A good friend of mine used to be the owner and manager of a cute enterprise in the metal industry. Traditionally, the enterprise did the cutting and milling of metal. The enterprise was highly specialized and has an excellent reputation.
He took the company over in the third generation and was just as much of a success as his father and grandfather had been over many decades. His customers were the best in the field, many of them among the “who-is-who” of the German industrial sector. The enterprise offered high precision, for instance in the production of preliminary series and was the prime address in a famous town in Baden-Württemberg.
The USPs of the enterprise had developed over the years. They had an excellent supplier/customer structure and supreme employees, most of whom had been educated in the enterprise itself. Among the customers were the big car producers. The co-operation with the development departments of the regular customers had been perfected.
Another USP was the preparatory stage of the work and calculation. They had very experienced (to be sure, they were no longer the youngest) employees who calculated the necessary steps with unique precision.
These people were capable of estimating the exact minute when, for instance, a delicate piece of work made out of a metal square would be finished. When doing these calculations, they mostly remained very rational. Once in a while, they, however, landed “on their backsides” and then, justifiably, they relied on their instincts.
Then hard times came for medium-sized enterprises in the metal industry. A lot of convergence went on in the sector; many enterprises fused or were taken over.
The trend was towards big, international enterprises. They were able to offer their products (seemingly) a lot cheaper through co-operating with “near-shore” or “off-shore” partners.
Many enterprises sold out. My friend, however, wanted to remain true to the family tradition and stay independent. Plummeting prices and higher costs, however, put pressure on him. My friend did what all modern managers do: reduce costs.
After having finished their apprenticeship, too many of his craftsmen went to work in Stuttgart for companies like Porsche, Daimler, or Bosch. That meant educating your apprentices was not efficient. Consequently, the apprentice shop was closed. The old and experienced (but also more expensive) employees were encouraged to take early retirement.
With the help of a company counsellor, production was newly structured. To be sure, a significant reduction of costs was achieved, and for some time matters seemed to improve. And my friend started looking for a new USP. He discovered micro processing as a growing market and wrote a high-quality business plan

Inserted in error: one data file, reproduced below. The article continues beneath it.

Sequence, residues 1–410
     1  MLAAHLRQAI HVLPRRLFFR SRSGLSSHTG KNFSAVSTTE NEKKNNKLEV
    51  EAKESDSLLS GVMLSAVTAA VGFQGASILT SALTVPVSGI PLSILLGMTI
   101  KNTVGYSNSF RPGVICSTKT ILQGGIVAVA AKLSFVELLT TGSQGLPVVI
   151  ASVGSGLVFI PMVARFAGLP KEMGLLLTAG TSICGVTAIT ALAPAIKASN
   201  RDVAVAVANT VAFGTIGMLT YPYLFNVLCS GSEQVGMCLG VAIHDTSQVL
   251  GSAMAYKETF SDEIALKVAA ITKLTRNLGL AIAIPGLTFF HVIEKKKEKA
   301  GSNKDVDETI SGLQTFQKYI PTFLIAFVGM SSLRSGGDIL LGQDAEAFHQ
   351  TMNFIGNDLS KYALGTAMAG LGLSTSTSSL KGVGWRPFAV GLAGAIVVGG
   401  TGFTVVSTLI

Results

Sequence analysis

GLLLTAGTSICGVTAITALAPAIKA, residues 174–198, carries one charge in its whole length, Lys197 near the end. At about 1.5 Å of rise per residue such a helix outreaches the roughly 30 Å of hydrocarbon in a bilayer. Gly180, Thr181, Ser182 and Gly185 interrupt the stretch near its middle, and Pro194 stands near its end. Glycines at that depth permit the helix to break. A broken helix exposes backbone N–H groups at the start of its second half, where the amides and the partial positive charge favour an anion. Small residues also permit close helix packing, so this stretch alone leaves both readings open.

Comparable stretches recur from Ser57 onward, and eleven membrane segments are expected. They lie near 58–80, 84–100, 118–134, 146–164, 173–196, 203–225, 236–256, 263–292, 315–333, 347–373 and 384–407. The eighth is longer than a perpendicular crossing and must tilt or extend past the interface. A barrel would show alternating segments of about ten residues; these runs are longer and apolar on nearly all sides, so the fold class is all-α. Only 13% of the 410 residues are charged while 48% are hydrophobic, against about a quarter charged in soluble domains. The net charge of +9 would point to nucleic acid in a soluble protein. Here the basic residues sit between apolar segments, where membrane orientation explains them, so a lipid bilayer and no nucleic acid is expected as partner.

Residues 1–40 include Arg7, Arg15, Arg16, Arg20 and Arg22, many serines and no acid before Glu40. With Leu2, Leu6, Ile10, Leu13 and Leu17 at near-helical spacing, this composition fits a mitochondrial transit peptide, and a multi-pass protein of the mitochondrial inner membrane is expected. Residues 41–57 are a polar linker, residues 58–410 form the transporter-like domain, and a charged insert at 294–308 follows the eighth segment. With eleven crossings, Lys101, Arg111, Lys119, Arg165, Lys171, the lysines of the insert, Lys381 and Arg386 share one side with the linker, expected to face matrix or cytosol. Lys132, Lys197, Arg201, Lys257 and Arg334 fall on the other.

The company was re-titled AG, and even the local bank bought shares. He bought precision instruments that worked in the µ precision range. To be sure, the instruments were expensive, but then the company had quite a bit of capital, and the bank also helped. Besides, the business plan had showed that the investments would pay.
The new USP seemed to have been a good idea. After a short while, however, the competition in micro processing increased and his lead was gone.
My friend came up with two moThe first was “flexible production lines” based on Bosch modules. It was based on a very sensible idea. He had assumed that production would have to become more flexible in the future. In the end, however, this, too, was a miscalculation. To be sure, production processes became more flexible, but not in Germany.
The second USP was about special control machines for mechanical parts to be implemented at the customer’s place. Initially, that was a huge success. Later, however, globalization made it necessary that these machines would have to be implemented far away from his “landle”, too. That increased costs by a hundred percent and he could not longer keep up with the low-price competition from abroad.
One thing led to the next and eventually the margin was negative. Each year a little more. Basically, this is not a tragedy, but it eats up substance. The costs were mostly wages and could not be lowered. The unions are too strong for that. Consequently, the enterprise went into insolvency.
AmAs an aside, let me mention that the enterprise continued working for several years (I even think it still does) i. K. (in bankruptcy). And it even made a profit, because if an enterprise has applied for bankruptcy procedures, the rights of the employees are so restricted that you can even lower their incomes. Besides, it is easier to put pressure on the customers: no money, no product …
As you see, even a USP that has been consciencously thought through and was objectively correct is not a guarantee for success. Even if it is implemented well.
In retrospect, my friend should have sold in time, or else rely on the old values and keep his enterprise small but exclusive, along with the apprentice shop and all the knowledge of the “older” employees. The enterprise might have been downsized, but it would still be profitable and true to a great family tradition. That, however, has nothing to do with USP and all with growth. And growth is something I will write about next week.
(translated by EG)
Here is the USP of my camp ground: Few caravans, many tents. Not much in the way of comfort, but cleanliness. Plenty of nature and shadow. Very close to the ocean (you cannot get any closer). No swimming pool, instead calmness. A beautiful beach with few people around. Many native Greeks, good food and drink. Freedom, lack of restrictions, and yet everybody is very considerate. The camping boss is nice, too. And there is a small place with fast wireless access. That is the spirit!